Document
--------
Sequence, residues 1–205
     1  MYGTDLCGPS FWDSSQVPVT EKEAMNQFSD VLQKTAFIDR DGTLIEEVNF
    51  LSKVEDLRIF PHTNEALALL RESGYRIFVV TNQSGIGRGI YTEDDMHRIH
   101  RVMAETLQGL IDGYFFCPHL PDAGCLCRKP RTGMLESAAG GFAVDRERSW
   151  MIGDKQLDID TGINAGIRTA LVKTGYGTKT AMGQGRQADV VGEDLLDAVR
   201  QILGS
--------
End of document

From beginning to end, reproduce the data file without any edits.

Sequence, residues 1–205
     1  MYGTDLCGPS FWDSSQVPVT EKEAMNQFSD VLQKTAFIDR DGTLIEEVNF
    51  LSKVEDLRIF PHTNEALALL RESGYRIFVV TNQSGIGRGI YTEDDMHRIH
   101  RVMAETLQGL IDGYFFCPHL PDAGCLCRKP RTGMLESAAG GFAVDRERSW
   151  MIGDKQLDID TGINAGIRTA LVKTGYGTKT AMGQGRQADV VGEDLLDAVR
   201  QILGS